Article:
Dodd-Frank Act Covers Land Contracts – January 10, 2014

Dodd-Frank Act Covers Land Contracts – January 10, 2014

The Consumer Financial Protection Bureau (CFPB) final Loan Originator Compensation rule applies to seller financers. The CFPB released the rule on January 20, 2013, as part of its implementation of amendments to the Truth in Lending Act (TILA) made by the Dodd-Frank Wall Street Reform and Consumer Protection Act enacted on July 21, 2010. The final rule takes effect on January 10, 2014.

TILA, as amended, and CFPB’s implementing regulations exclude from the definition of loan originator some sellers who provide seller financing.  CFPB has provided some flexibility in the new final rule by excluding from the definition of loan originator two categories of seller financing: those that sell 3 or fewer properties in any 12-month period and those that sell only one in any 12-month period, and in both cases meet other criteria.

http://files.consumerfinance.gov/f/201301_cfpb_final-rule_loan-originator-compensation-amendments.pdf

10 thoughts on “Dodd-Frank Act Covers Land Contracts – January 10, 2014

  1. I was at a meeting January with Al Keller. In regards to new regulations concerning land contracts I didn’t grasp on that it entailed. But we are purchasing land with a land contract. We will be building on each lot as we receive contracts. We were thinking of building the structure and have the clients pay off at closing or pay us a draw in between then payoff rest at closing.

    Would there be any issue with this type of approach with the new laws?

    Jen Kuehn/ Keller & assoc.

    1. Hi Jennifer: Thank you for the comment, and for attending the January presentation. Due to time constraints, the Question & Answer portion of the presentation was omitted. If I am reading your question correctly, it appears that you are buying vacant land from a developer. Is that correct, or are you the party selling property via land contract (seller financing)? Once I am clear on your question, I should be able to provide a better response. Thanks! Allan

  2. Has there been any official statement on whether land contracts / contracts for deed are subject to Dodd Frank regulations?

    1. Hi Nate: Thank you for the comment. The answer is yes. As I mentioned in the post, the Consumer Financial Protection Bureau (CFPB) final Loan Originator Compensation rule applies to seller financers. I also included a link to the final rule. If you’d like to discuss this further, please feel free to call me at 248-335-6166, or you may wish to attend an upcoming presentation. Thanks again! Allan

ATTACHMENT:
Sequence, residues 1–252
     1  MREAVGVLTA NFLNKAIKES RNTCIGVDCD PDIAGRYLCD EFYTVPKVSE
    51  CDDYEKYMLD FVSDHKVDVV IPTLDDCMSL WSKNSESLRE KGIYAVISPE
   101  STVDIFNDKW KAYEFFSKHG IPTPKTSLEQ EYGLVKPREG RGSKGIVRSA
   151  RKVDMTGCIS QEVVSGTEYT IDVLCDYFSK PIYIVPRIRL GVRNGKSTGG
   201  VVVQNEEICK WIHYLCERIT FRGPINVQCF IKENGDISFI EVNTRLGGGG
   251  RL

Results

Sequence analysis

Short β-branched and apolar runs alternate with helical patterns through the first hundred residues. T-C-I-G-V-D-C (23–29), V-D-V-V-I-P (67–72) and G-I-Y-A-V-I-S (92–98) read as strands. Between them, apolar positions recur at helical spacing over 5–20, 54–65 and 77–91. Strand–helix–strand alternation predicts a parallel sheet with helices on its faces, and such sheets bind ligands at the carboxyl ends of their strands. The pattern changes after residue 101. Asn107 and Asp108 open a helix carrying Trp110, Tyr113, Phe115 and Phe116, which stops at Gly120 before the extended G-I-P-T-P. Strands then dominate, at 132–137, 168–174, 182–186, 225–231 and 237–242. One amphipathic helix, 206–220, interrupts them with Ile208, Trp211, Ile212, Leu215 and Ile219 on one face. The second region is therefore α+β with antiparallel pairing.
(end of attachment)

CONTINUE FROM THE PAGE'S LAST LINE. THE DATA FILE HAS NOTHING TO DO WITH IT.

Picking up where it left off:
3. If I have an LLC, licensed as a real estate broker, how many land contracts can I sell within a given year? as an individual, how many? do I need to be licensed as a mortgage broker in order to do more?

    1. Hi Bryan: You have asked very good questions, and I would like to invite you and every real estate licensee in Michigan to attend a 2 hour continuing education program that I will be presenting on the topic. Here is what the North Oakland County Board of REALTORS has to say: “Hardcore Regulations: Uncovering Dodd-Frank”-Attend Allan Daniels’ class on Wednesday, April 30 (9-11 a.m.) and earn two hours of continuing education, which represents your mandated legal hours, required each year. Allan will assist you in understanding the Dodd-Frank Act which took effect January, 2014, and affects seller-financing and much more. As a real estate professional, the class may be the most important training you will experience in your career. NOCBOR members are offered the class free of charge. Registration can be made by calling 248-674-4080 or e-mail info@nocbor.com

  4. We were looking to purchase a home thru a land contract. Today I have been told that this won’t be possible due to the fact that the seller has a current mortgage on the home. The Dodd-Frank Act does not allow the is happen now in Michigan. Is this true?

    1. Hi Kathleen: The “Due on Sale” clause of the sellers mortgage is unrelated to the Dodd-Frank Act. If the seller has a mortgage with a due on sale clause, the seller may be unable to sell the home via a land contract since the mortgage holder has the right to declare the mortgage “due and payable” when the property is sold. Please let me know if you have any other questions. Thanks! Allan

  5. I am an investor and have 40 properties. This is not my full time job. I do sell properties on contract but not more then 3 properties in a year. Would it still apply to me? Do you only do you classes in Michigan? Any other states?

    1. Hi Mike: The regulations apply to everyone. My 2 hour course are approved for real estate continuing education in Michigan. i would be happy to do an individual consultation. Please feel free to contact me directly if you would like to discuss this. Thanks! ~ Allan

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